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Tina Tillery

Sampling for the Tall Fescue Endophyte in Pasture or Hay Stands
4/10/2017 (minor revision)

 UK Authors: Ray Smith, Tina Tillery, Paul
 Departments: Plant and Soil Sciences, Plant Pathology,
 Series: Plant Pathology (PPA series)
 Tags: cover and forage crops, farm crops, grasses

Most of the tall fescue growing in Kentucky is colonized by the tall fescue endophyte, a fungus which causes disorders in livestock that feed on the infected grass. The animal disease syndrome is called fescue toxicosis, which some researchers estimate may cost Kentucky producers over $200 million yearly. This problem can be greatly reduced by identifying the infected fields and replacing them with endophyte-free or novel endophyte tall fescue varieties or by managing them in a way to minimize the impact of the endophyte on herd productivity. One of the simplest ways to reduce toxicity symptoms in cattle is add red and white clover to existing tall fescue stands.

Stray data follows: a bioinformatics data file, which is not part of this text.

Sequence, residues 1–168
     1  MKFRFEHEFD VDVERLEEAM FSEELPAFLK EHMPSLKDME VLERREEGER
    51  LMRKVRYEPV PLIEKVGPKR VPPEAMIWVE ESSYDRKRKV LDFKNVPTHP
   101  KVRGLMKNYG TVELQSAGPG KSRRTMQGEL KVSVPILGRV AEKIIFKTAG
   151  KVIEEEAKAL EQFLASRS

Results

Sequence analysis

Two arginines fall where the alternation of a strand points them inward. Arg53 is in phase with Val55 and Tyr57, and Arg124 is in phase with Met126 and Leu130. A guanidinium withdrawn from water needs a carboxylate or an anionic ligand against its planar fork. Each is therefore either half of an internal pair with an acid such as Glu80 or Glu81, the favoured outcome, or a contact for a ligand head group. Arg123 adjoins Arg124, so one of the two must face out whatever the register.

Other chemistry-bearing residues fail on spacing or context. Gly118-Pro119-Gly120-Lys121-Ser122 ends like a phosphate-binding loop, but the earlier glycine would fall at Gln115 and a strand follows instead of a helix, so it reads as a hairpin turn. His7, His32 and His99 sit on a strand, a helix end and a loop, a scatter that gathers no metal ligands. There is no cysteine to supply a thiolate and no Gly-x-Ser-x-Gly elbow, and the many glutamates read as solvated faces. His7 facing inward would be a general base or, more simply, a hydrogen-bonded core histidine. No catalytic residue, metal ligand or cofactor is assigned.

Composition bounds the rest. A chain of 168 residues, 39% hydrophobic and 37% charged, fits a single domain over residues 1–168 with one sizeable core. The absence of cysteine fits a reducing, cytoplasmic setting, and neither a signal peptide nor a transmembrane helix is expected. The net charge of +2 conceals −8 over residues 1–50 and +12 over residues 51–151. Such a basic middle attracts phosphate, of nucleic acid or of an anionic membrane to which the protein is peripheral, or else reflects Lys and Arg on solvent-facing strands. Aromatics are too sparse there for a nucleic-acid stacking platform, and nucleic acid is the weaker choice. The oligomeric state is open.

web only | 2 pages | 1,222 words | 25 downloads | PDF: 253 kb